I suspect that it is also covered by some of the great herbals, though a quick check does not turn up any references. One reason for this is that they, like Dioscorides (III, 59) concentrate more on the magic effects of the herbs themselves than on growing them.

By the same token, it is in Conrad Heresbach's Rei rusticae:

Cuminum, Coriandrum terram poſtulant bene ſubactam cui letamen admiſceatur, ſeruntur verna ſatione, ſata herbis purgeantur. Cumin κύμινον et Graecis alijſque linguis pleriſque vocatum. Maledictis ſeri creditum vt copioſius exeat, & qui ſerunt precentur vt exeat. (Lib. II, p. 102)

Cummin and Corriander require well ordered ground, they are ſowed in the Spring, and muſt be wel weeded. Cummin is called in Greeke κυμινον, in Latine Cuminum, and almoſt like in all other languages: it is ſowed beſt (as they thinke) with curfyng and execration, that it may proſper the better. (tr. Googe in EEBO)

The French idiom semer le basilic, literally 'to sow basil', apparently means 'to rant and rave'. I only qualify this somewhat because I have never seen it actually used in literature (or cinema), only indirectly reported in works on herbs or plant lore, such as Angelo de Gubernatis's La mythologie des plantes or the Herbalpedia.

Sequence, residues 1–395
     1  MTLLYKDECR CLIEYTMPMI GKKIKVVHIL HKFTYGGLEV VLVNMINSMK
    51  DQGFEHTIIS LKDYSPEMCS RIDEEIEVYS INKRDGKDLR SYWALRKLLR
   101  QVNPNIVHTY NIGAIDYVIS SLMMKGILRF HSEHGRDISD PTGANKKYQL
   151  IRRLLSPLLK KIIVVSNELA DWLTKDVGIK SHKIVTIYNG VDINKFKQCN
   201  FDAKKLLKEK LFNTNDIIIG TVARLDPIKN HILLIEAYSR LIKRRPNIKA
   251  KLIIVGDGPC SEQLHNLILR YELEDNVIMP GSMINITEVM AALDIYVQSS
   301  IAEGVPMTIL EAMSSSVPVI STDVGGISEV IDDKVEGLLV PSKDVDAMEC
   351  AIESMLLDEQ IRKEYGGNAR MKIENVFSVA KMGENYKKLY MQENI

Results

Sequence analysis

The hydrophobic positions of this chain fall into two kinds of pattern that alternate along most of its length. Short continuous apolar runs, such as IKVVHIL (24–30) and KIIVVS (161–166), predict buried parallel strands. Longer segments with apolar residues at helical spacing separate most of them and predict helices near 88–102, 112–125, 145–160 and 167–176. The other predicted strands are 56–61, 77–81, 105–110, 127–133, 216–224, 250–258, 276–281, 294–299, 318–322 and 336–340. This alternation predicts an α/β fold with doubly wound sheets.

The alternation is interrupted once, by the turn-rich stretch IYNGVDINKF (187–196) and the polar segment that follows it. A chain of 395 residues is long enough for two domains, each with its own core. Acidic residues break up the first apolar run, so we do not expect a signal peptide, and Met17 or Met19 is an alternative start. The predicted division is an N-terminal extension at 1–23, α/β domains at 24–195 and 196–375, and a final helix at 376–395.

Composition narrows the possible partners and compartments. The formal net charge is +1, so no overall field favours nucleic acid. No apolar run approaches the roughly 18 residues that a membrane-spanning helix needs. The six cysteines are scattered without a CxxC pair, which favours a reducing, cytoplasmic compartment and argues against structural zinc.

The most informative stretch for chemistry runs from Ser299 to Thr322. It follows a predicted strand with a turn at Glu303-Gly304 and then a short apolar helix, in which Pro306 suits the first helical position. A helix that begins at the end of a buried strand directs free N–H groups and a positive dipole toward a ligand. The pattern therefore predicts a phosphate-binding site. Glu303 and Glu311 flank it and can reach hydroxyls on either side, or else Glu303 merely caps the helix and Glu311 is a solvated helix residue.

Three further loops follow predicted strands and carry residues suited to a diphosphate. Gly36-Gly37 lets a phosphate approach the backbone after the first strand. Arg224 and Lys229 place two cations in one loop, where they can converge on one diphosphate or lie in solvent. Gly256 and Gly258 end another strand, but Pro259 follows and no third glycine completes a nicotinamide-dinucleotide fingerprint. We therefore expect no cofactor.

A look through 17th century English works finds a number of interrelated similes about sowing cumin and hempseed and/with curses, whose exact sequence of development, if it is more than coincidence, is not entirely clear to me:

  • One of the Characters added to Thomas Overbury's poem “The Wife,” probably by John Webster, in the 1616 edition, is:
    A Diuelliſh Uſurer
    Is ſowed as Cummin or Hemp-ſeede, with curſes; and he thinks he thriues the better. Hee is better read in the Penall Statutes, then the Bible; and his euill Angell perſwades him, hee ſhall ſooner be ſaued by them. (EEBO; later edition)
  • Thomas Adams The Good Politician Directed (before 1653):
    What ſhall become of the oppreſſor? No creature in heauen or earth ſhall teſtifie his innocency. But the ſighes, cryes, and grones of vndone parents, of beggard widdowes and Orphanes ſhall witneſſe the contrary. All his money, like Hempe-ſeede, is ſowed with curſes: and euery obligation is written on earth with inke and blood, and in hell with blood and fire. (Works, p. 838, EEBO)
  • Nathaniel Hardy, Justice triumphing, or, The spoylers spoyled (1648):
    He ſoweth curſes like hempſeed to make an halter for himſelfe, and all ſuch ſooner or later ſhall have cauſe to ſay — propriis configimur armis, our armes are our harmes, and our own conceptions the death of their parents. (EEBO)
  • Henry Bold, Wit a sporting in a pleasant grove of new fancies (1657):
    The Uſurer.
    He puts forth Money, as the Hangman ſowes,
    His fatal Hemp-ſeed, that with curſes growes,
    So growes his damn'd wealth in the Devils name,
    That doth in hel the Harveſt home proclaim,
    For which deep reaſon my poor Muſe preferrrs
    This ſute, that Poets nere prove Vſurers. (EEBO)

What kind of curses are appropriate? A suggestion is given by Edgar MacCulloch's Guernsey Folk Lore (1903; no preview in Google Books, but complete in the Internet Archive):